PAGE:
Politics

What’s inside the Treasury’s proposal to track nearly all bank accounts

As part of President Joe Biden’s plan to crack down on tax evasion by the wealthy, one proposal has proved incendiary: A plan to require banks to report to the Internal Revenue Service several new pieces of information from U.S. bank accounts. It has drawn condemnation from the finance industry and some lawmakers, while stoking fears among ordinary Americans that the government plans to monitor their day-to-day spending. 

Under a Treasury proposal issued in May as part of the agency’s budget request, banks would be required to note how much money went into and out of an account, excluding any account with less than $600 in flows annually or whose balance is under $600. Individual transactions won’t be listed, and officials have said it will not lead to more audits of middle-income Americans. 

Despite this, the proposal is still the subject of heated negotiation in Congress. Here’s what’s included in the plan — and what’s not. 

Totals, not transactions

The Treasury proposal would have banks report “gross inflows and outflows with a breakdown for physical cash, transactions with a foreign account, and transfers to and from another account with the same owner.” Banks already report interest income over $10 on Form 1099-INT; this proposal would add a few lines to that tax document.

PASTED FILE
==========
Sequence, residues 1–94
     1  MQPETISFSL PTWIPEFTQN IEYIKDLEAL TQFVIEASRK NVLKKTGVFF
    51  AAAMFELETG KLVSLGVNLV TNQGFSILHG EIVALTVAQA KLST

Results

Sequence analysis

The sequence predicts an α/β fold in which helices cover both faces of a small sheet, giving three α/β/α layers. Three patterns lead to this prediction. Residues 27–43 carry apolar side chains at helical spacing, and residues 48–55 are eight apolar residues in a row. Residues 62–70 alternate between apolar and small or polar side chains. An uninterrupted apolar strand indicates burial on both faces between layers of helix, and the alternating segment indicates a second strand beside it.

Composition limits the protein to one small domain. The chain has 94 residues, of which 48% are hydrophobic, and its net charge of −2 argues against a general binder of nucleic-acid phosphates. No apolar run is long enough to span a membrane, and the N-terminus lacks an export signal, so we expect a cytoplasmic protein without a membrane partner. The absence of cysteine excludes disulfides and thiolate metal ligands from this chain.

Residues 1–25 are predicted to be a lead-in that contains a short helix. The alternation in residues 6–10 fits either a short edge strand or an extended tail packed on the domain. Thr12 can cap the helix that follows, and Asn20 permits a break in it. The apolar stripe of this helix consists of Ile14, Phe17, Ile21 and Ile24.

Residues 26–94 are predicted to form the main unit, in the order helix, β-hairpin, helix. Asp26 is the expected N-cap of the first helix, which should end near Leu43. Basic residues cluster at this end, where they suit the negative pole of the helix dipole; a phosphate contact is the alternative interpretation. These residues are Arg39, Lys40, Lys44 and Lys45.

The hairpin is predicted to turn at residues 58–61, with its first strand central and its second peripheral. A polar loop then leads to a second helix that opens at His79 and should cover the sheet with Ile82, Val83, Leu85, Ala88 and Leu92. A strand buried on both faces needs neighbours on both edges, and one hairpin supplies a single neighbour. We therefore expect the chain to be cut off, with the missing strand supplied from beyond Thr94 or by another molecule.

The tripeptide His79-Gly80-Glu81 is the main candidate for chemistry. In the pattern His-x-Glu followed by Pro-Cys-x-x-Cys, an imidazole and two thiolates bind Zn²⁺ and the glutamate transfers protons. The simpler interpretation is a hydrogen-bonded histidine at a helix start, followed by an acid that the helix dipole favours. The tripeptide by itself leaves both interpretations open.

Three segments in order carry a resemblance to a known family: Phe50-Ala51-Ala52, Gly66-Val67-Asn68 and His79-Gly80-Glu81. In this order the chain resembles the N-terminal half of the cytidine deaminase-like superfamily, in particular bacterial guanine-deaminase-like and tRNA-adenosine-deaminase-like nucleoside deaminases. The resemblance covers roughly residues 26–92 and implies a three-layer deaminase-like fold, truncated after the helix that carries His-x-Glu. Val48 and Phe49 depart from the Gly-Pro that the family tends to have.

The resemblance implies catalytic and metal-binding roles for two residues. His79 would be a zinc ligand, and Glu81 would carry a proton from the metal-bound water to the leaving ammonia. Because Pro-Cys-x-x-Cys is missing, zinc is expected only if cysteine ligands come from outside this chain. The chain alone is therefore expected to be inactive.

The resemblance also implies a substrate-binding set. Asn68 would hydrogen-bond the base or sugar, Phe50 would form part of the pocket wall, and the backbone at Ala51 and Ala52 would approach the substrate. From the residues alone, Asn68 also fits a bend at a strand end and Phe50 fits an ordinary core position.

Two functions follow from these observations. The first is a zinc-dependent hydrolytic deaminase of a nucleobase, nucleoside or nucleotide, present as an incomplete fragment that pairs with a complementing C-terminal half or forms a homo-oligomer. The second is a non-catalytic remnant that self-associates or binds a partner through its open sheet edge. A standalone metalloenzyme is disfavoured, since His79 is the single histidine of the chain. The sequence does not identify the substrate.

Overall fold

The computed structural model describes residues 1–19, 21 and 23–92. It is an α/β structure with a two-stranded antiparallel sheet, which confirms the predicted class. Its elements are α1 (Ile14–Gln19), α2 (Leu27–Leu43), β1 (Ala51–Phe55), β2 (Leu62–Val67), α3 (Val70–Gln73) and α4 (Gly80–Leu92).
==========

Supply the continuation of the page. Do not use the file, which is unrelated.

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Treasury officials have said that fears of stepped-up audits are unfounded, and the administration has pledged not to increase audits on people earning under $400,000 a year, but focus enforcement “on higher earners who do not fully report their tax liabilities.”

Officials emphasize the IRS would not learn about individual spending patterns — only total money going in or out.

“The proposal involves no reporting of individual transactions of any individual,” Treasury Secretary Janet Yellen told CBS Evening News’ Norah O’Donnell. “If somebody reports an income of $10,000 and they had 3 million [dollars] go out of their checking account, that tells the IRS that’s an individual you might audit.”

A low cutoff

The Treasury’s choice of a $600 level for reporting has caused pushback, with some Democrats in Congress proposing $10,000 as the threshold. 

But that initial low figure — coming after a new requirement, effective last year, for online sellers to report more than $600 of income to the IRS — has created the impression in some quarters that the government is out to get middle-income taxpayers for innocent mistakes.

The American Bankers Association, along with a slew of financial industry groups, claim that small business owners and independent contractors would bear the brunt of the proposal, not the wealthy. “While the stated goal of this vast data collection is to uncover tax dodging by the wealthy, this proposal is not remotely targeted to that purpose or that population,” the groups wrote last month.

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Taxpayers can be excused for thinking that. As the IRS’ enforcement capacity has dwindled with its shrinking budget, it has relied more and more on automated enforcement tools that catch lower-income taxpayers, with the result that the lowest-earning Americans are audited at higher rates than the richest. Combined with the IRS’ decades of staffing shortages, many fear that providing the agency more information will only allow it to make more mistakes.